Peek makes it easy to create short screencasts of a screen area. It was built for the specific use case of recording screen areas, e.g. for easily showing UI features of your own apps or for showing a bug in bug reports. With Peek, you simply place the Peek window over the area you want to record and press "Record". Peek is optimized for generating animated GIFs, but you can also directly record to WebM or MP4 if you prefer.
Headlamp is an easy-to-use and extensible Kubernetes web UI. Headlamp was created to be a Kubernetes web UI that has the traditional functionality of other web UIs/dashboards available (i.e. to list and view resources) as well as other features.
Legend builds and publishes Grafana dashboards for your services with prefilled metrics and alerts for your services. Say you got an EC2 to monitor, an S3 to monitor, a Kubernetes cronjob to monitor (or one of many other things); legend has got your back. It will do all the menial work of setting up grafana dashboards for you without you needing to setup grafana dashboards manually or write cloudwatch/prometheus/influxdb queries by hand.
Here’s the thing: I write open source software to solve my problem. I let you use my solutions because that comes at zero cost for me (well, almost, I still have to pay for the website, you are downloading from. You are welcome, by the way).
Normally I only pay attention to leap seconds every 6 months when the IERS publishes Bulletin C, the leap second yes or no announcement. But this week brings news from Michael Deckers via the LEAPSECS mailing list, and it relates to Bulletin A, which is why it’s off my usual 6 month schedule.
I went into my office yesterday for the first time in a few months to pick some stuff up. We got notified a couple of days ago to get any personal property out of the office before Thanksgiving or else it'd be thrown out, so I guess we're moving out of the office1. It was a pretty eerie place to be; even now, 8 months later, most people haven't been back and it kind of looks like the entire office was abducted by aliens in early March.
Most PCs tend to boot from a primary media storage, be it a hard disk drive, or a solid-state drive, perhaps from a network, or – if all else fails – the USB stick or the boot DVD comes to the rescue… Fun, eh? Boring! Why don’t we try to boot from a record player for a change?
All endpoints on this list are compliant with RFC 8555. Please note that different CAs have varying legal terms, pricing, and some difference in their ACME issuance policies. Consult each CA's documentation for more information.
We created the Fleet Project to provide centralized GitOps-style management of a large number of Kubernetes clusters. A key design goal of Fleet is to be able to manage 1 million geographically distributed clusters. When we architected Fleet, we wanted to use a standard Kubernetes controller architecture. This meant in order to scale, we needed to prove we could scale Kubernetes much farther than we ever had. In this blog, I will cover Fleet’s architecture, the method we used to test scale and our findings.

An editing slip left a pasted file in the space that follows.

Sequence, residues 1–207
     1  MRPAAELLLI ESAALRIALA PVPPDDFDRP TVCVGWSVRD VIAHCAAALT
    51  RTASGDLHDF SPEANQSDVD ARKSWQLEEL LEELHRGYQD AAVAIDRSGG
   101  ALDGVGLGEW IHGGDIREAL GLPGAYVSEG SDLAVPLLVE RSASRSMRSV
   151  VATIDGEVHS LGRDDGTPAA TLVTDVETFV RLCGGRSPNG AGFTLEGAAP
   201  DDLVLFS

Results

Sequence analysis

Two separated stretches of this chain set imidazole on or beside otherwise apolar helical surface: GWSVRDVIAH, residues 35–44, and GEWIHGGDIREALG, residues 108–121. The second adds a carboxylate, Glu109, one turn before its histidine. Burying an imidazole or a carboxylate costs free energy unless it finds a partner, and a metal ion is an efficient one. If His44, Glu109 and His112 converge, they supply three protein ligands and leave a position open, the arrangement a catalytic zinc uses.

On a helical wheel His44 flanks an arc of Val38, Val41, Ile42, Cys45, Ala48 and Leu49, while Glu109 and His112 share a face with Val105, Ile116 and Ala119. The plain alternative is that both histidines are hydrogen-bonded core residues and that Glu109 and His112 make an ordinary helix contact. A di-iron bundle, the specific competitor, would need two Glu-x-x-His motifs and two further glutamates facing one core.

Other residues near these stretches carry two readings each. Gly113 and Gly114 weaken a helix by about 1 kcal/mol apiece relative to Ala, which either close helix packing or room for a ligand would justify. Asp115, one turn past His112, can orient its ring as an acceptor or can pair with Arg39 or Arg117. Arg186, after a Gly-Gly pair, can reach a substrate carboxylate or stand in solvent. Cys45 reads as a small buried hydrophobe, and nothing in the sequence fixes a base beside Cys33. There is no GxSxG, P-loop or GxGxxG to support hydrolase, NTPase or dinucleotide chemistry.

If you ever connected to the Internet before the 2000s, you probably remember that it made a peculiar sound. But despite becoming so familiar, it remained a mystery for most of us. What do these sounds mean?
illuminatio is a tool for automatically testing kubernetes network policies. Simply execute illuminatio clean run and illuminatio will scan your kubernetes cluster for network policies, build test cases accordingly and execute them to determine if the policies are in effect.
In this article, I'll discuss 5 very confusing mistakes that have caused me to waste significant amounts of time when using the command-line tool known as 'grep' to search for things. I have chosen to document these mistakes in detail because they are mistakes that beginners are very likely to make at some point, but also to not be able to debug on their own. The root causes of these mistakes are: Not knowing what flavour of regular expression that grep is currently using (and/or not understanding what features that flavour supports); Not considering the escaping rules of your shell; Issues with character encodings.
The scp command, which uses the SSH protocol to copy files between machines, is deeply wired into the fingers of many Linux users and developers — doubly so for those of us who still think of it as a more secure replacement for rcp. Many users may be surprised to learn, though, that the resemblance to rcp goes beyond the name; much of the underlying protocol is the same as well. That protocol is showing its age, and the OpenSSH community has considered it deprecated for a while. Replacing scp in a way that keeps users happy may not be an easy task, though.
Every now and then I get questions on how to work with git in a smooth way when developing, bug-fixing or extending curl – or how I do it. After all, I work on open source full time which means I have very frequent interactions with git (and GitHub). Simply put, I work with git all day long. Ordinary days, I issue git commands several hundred times. I have a very simple approach and way of working with git in curl. This is how it works.
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